Towards Infinite Virtual Reality Redirected Walking [SIGGRAPH 2018]

  • Client: SIGGRAPH 2018
  • Date Completed: August 2018

Work at NVIDIA Research, Stony Brook University and Adobe Research.

Paper: PDF
: Our research video, Two Minute Papers (thanks!)
ElsewhereNVIDIA Research Page, Adobe Research Page, NYU Immersive Computing Lab, Li-yi Wei. Morgan Mcguire
Paper Pages: ACM Transactions on Graphics 2018, Semantic Scholar, ResearchGate
Press: Science Daily, Road to VR, Inverse, VRFocus, Innavate, EurekAlert, New Atlas, Digital Trends, The Foundry's blog (thanks!)

Collaborators: Qi Sun, Anjul Patney, Li-Yi Wei Jingwan Lu, Paul Asente, Suwen Zhu, Morgan Mcguire, David Luebke, Arie Kaufman.

Redirected walking – Tricking a VR user into walking in a safe way without changing their experience – is a challenging task. Some simple ways of doing this, like mapping a camera rotation to movement, cause severe and immediate simsickness, while other less obvious ones are measurable via cognitive load: for example, the time it takes a user to answer a question while being redirected, as opposed to a baseline.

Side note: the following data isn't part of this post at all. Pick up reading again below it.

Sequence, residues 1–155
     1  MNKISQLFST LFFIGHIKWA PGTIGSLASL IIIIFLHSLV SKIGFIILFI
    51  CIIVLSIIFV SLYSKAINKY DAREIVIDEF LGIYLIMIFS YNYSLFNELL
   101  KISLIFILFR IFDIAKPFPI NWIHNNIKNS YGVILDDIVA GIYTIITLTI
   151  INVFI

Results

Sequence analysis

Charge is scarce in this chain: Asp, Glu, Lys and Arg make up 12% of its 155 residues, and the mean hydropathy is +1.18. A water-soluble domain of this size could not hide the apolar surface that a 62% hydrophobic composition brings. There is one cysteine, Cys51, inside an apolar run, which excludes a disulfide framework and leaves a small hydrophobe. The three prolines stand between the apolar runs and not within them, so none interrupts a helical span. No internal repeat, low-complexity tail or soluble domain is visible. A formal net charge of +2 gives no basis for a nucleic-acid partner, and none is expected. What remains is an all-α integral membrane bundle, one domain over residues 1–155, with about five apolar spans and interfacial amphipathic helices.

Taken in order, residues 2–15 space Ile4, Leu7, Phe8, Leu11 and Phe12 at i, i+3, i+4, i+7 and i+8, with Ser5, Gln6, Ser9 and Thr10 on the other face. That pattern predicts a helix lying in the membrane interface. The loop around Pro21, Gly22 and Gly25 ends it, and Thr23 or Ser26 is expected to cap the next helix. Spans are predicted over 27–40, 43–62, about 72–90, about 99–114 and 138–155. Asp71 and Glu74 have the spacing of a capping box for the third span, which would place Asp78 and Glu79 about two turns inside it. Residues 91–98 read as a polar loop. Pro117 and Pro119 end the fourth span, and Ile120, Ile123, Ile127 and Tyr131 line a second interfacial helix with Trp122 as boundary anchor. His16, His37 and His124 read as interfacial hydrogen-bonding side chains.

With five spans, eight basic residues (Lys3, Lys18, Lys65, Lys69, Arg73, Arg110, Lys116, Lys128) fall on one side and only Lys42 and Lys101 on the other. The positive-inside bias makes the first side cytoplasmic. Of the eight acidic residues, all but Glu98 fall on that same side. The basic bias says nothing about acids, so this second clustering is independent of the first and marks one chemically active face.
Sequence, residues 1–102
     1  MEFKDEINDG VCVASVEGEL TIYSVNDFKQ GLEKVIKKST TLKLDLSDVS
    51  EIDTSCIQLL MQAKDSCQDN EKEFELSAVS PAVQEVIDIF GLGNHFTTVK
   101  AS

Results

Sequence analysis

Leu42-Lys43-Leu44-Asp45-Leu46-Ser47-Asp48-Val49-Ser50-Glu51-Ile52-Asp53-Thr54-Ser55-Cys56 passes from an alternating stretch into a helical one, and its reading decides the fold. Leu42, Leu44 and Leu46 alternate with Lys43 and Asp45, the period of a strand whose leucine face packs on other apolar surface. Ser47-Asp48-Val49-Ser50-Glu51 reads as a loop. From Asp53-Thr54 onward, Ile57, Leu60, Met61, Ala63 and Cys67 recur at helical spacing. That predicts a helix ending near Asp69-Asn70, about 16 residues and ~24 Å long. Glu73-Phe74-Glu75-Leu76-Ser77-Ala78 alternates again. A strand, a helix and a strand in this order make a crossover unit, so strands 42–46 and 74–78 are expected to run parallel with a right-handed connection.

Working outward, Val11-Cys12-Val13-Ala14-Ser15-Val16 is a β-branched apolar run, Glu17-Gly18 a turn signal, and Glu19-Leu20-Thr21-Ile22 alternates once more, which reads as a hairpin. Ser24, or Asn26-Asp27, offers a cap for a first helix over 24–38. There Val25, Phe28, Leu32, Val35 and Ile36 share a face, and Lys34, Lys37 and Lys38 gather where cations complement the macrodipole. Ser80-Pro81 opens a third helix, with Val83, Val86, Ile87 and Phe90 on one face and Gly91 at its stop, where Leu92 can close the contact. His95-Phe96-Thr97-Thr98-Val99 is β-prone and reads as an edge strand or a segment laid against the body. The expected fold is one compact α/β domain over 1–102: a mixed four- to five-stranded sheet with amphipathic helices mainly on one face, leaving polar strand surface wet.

We tried to change this by finding out if a user will notice minor redirections that happen when they're temporarily blind during major eye saccades. During a saccade, the visual input is suppressed (a mechanism known as "Saccadic Suppression"), so detecting saccades with eye trackers is enough to test this. What's more - since saccadic suppression lasts hundreds of milliseconds(!), latency from eye trackers is hardly an issue.

Our experiment is fairly straightforward - when a major saccade is detected, perform redirection. One degree at a time turns out to work quite well.

Most redirection techniques are at odds with our proprioception – our sensation of our own body pose –  this means that when our vision doesn't match that sensation, we get simsickness. In our case, the user is nearly blind during redirection, so their visual system doesn't register the redirection motion as strongly. The experience is almost seamless.

Major credit to David Luebke for blurting out the idea in a meeting, then pushing Anjul and myself to work on it.


author = {Qi Sun and Anjul Patney and Li-Yi Wei and Omer Shapira and Jingwan Lu and Paul Asente and Suwen Zhu and Morgan McGuire and David Luebke and Arie Kaufman},
title = {Towards Virtual Reality Infinite Walking: Dynamic Saccadic Redirection},
journal = {{ACM} Transactions on Graphics},
note = {SIGGRAPH 2018},
month = {August},
day = {15},
year = {2018},
pages = {16},
url = {},